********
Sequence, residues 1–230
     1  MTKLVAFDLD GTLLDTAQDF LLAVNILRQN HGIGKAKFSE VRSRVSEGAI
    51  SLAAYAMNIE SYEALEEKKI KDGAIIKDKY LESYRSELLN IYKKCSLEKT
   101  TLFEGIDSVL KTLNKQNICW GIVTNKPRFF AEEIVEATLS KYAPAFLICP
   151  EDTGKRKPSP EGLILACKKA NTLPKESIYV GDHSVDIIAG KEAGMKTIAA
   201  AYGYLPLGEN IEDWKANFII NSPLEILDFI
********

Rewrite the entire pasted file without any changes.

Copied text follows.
Sequence, residues 1–230
     1  MTKLVAFDLD GTLLDTAQDF LLAVNILRQN HGIGKAKFSE VRSRVSEGAI
    51  SLAAYAMNIE SYEALEEKKI KDGAIIKDKY LESYRSELLN IYKKCSLEKT
   101  TLFEGIDSVL KTLNKQNICW GIVTNKPRFF AEEIVEATLS KYAPAFLICP
   151  EDTGKRKPSP EGLILACKKA NTLPKESIYV GDHSVDIIAG KEAGMKTIAA
   201  AYGYLPLGEN IEDWKANFII NSPLEILDFI